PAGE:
As a federal employee, I find the thought of Congress giving the president a 100 percent raise when he has given reduced raises to the federal rank and file for the past six years unacceptable [news story, May 25]. Following the same argument the Clinton administration has used, the president's salary must be evaluated in the context of the other benefits he receives while serving as president and after he leaves office:

The president receives free housing during his four years in office (a benefit worth at least $80,000 a year assuming a $1 million residence).

The president has a fleet of taxpayer-supported limousines at his disposal (a benefit worth more than $10,000 a year assuming a car worth $70,000 to $80,000).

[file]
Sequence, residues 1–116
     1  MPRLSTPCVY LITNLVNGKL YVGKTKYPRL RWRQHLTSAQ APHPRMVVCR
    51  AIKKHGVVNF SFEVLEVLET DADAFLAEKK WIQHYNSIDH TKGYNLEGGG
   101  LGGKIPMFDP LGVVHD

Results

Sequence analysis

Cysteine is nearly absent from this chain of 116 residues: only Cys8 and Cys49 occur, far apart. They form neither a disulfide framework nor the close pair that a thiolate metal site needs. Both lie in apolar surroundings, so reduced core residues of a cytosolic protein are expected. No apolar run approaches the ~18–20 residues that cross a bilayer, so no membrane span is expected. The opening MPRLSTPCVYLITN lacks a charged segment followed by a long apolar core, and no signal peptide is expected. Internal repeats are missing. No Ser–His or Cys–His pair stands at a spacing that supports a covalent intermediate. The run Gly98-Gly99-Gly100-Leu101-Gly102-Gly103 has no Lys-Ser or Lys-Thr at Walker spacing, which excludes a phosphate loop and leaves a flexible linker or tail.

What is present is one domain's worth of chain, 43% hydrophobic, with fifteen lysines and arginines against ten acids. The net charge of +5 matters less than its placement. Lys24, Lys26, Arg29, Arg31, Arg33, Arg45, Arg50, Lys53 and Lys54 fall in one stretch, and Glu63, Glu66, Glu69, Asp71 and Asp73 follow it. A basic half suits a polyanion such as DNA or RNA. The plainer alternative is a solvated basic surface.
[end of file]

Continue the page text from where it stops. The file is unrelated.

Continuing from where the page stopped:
The president receives free medical care during his time in office; medical care that does not require a copayment, a referral or an appointment six months in advance.

The president and his family receive free personal travel on a fleet of U.S. Air Force jets.

The president receives a lifelong pension after four to eight years on the job (a benefit unparalleled in the private sector).

These are just a few of the benefits the president receives that senior executives (private and public), rank-and-file federal workers and the rest America have to worry about obtaining on their own every month.

The president's salary and benefits package should parallel that of a typical Fortune 500 executive. And it should be adjusted for those expenses that every other worker in America must pay for but that the taxpayers provide for the president.